Today, we’ll learn how to play music by ear intrinsically.
Hi, it’s Ron Greene here,
awhile ago we discussed how music theory, and how you might discover some insightful ways to play better on your musical instrument. Also, I provided you with a blurb about my development experiences with the Music Dial.
Within this posting I’d love to discuss some thoughts with you, regarding your ability and feelings about… playing music by ear.
Here’s my take on playing music by ear or “play by ear” if you will. It might reference a typical means of playing music without wanting or needing to read notes on a music staff or on a tablature. The ability to play by ear, no doubt, means a lot of different things to a lot of people. To me it seems that on many occasions, playing music by ear would be a practical thing to learn and do.
Let’s say you hear a song on the radio that you’d like to learn immediately, but you don’t want to get references from the song sheets or tablatures. You’d just like to start playing that song right away… “playing it by ear”.
Or, you might be a songwriter that’s just looking to put together an interesting chord and melody structure for a song you have in mind. Even in a living room jam situation with other musicians, there are lots of examples where playing by ear would be a helpful skill. In any case… you’d just like to start playing song(s) right away!
Learning music by ear is referenced by repeatedly listening to the song(s) and then recreate what one hears. Mentally hearing rhythms and pitches is the skill of reproducing sounds involving… melody, harmony (chords) and bass lines.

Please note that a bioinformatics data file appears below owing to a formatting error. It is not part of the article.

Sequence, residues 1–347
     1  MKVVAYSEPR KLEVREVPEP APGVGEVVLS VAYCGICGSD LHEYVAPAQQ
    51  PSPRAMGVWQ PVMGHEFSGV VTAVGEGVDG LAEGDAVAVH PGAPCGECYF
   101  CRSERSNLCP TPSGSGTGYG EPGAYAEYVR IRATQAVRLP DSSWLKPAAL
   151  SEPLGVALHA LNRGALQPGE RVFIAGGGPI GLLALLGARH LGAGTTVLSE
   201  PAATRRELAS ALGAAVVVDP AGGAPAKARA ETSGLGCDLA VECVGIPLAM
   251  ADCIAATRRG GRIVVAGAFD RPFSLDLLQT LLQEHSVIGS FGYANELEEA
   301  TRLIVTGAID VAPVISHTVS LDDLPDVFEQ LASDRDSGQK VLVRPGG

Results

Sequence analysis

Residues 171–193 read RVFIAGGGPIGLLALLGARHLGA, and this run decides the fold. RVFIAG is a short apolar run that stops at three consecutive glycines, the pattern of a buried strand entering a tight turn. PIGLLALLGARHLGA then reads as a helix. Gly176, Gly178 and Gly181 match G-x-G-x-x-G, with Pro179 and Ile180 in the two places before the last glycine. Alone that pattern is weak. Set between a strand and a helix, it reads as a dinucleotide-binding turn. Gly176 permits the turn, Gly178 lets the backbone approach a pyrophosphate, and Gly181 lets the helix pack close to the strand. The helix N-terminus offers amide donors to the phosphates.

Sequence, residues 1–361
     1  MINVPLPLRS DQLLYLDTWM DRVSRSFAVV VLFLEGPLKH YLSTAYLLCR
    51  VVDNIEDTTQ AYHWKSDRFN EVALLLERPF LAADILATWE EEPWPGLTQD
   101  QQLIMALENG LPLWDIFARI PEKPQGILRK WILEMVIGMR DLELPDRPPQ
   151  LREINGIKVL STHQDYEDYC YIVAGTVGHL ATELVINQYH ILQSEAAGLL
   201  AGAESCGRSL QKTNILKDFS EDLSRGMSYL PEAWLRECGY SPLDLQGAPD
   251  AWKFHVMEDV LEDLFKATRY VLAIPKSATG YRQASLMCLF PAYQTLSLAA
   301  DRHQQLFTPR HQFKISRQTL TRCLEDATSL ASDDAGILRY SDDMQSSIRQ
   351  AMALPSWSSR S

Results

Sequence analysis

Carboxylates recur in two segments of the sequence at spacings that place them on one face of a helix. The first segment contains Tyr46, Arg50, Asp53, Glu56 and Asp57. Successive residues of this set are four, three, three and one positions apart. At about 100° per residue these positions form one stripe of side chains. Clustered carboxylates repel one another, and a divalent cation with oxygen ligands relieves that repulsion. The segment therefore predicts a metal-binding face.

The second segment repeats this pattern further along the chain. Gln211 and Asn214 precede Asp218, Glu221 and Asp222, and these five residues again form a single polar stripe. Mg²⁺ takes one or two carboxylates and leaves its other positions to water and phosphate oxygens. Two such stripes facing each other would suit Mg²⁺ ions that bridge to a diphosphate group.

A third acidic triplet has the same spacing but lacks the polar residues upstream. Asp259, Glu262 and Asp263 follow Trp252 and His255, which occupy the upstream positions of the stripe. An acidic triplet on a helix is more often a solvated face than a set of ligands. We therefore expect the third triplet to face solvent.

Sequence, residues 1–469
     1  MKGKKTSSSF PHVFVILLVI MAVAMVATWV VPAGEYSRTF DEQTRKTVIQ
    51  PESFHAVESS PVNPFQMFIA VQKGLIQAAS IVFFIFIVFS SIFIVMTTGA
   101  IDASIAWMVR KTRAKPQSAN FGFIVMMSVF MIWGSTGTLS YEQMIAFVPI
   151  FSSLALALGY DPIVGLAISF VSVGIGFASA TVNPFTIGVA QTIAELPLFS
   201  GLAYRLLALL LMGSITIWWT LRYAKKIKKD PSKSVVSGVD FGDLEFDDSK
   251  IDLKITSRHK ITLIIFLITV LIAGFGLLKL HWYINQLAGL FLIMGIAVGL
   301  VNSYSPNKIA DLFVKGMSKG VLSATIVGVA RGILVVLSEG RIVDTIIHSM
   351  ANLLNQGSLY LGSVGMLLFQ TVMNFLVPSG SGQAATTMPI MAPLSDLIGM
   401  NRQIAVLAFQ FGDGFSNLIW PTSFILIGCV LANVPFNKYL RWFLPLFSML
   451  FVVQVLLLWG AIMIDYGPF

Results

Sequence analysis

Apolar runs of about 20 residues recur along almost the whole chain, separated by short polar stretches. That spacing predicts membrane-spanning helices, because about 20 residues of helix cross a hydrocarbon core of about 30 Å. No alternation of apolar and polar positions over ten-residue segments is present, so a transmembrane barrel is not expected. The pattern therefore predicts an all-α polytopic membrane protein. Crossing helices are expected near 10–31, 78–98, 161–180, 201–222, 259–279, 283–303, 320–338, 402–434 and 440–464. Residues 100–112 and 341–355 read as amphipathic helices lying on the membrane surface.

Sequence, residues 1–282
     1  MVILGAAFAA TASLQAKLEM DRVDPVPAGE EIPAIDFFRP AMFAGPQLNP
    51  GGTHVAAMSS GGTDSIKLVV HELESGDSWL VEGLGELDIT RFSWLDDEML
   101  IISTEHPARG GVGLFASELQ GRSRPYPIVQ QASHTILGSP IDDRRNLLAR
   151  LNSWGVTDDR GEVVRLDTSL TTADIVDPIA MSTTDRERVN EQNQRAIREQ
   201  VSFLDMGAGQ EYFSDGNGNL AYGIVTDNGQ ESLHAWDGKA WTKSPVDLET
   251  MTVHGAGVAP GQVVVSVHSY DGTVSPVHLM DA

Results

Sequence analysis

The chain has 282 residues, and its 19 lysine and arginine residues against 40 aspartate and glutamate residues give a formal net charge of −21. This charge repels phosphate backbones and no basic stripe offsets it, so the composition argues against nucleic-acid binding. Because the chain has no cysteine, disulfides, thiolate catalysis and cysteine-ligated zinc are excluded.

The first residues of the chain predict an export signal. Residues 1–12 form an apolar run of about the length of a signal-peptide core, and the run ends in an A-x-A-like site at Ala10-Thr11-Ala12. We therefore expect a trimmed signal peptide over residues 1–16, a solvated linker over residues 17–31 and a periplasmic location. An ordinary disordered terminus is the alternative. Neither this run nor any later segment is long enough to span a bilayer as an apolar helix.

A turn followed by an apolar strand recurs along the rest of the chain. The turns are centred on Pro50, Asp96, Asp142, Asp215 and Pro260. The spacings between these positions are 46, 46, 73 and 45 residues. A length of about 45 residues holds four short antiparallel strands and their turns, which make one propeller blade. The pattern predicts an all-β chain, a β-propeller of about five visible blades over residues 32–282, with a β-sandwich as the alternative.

Playing by ear enhances your abilities to improvise solos on the guitar and keyboard. This is how musicians learn songs when there is no available musical notation. Many players still learn to play by ear with ear training.
All songs are played in a key. Most songs for most styles can be played using just 8 chords for accompaniment and 6 scales for melodies or solos in each key. Except for jazz, most songs use only major, minor and seventh chords and these are the basic chords you’ll discover in each key. By experimenting and having fun playing, creating or improvising great sounding chord progressions in each key, your ‘play by ear’ knowledge will immediately expand.
It’s important to learn what an interval sounds like. An interval is simply the space between two notes. Once you learn what each of these intervals sound like you can reproduce a melody. And then, chords structures will come naturally thereafter.
The shape of the tune, “melody”… how to form the chords, “chord structure”… and the path the chords take as they weave through-out a piece, “chord progressions” – are the essential elements of any song structure.
When playing by ear, a musician doesn’t necessarily have all of the ‘key’ chords and scale structures committed to memory. Music Dial Charts provide a concise, effective representation of the best sounding chords along with the best sounding notes in each key. As a movable device, one simply turns the dial to the key for that song and immediately at-a-glance, it provides the chords and scales required.
Open the door to a whole new level of musical mastery by discovering how to play by ear!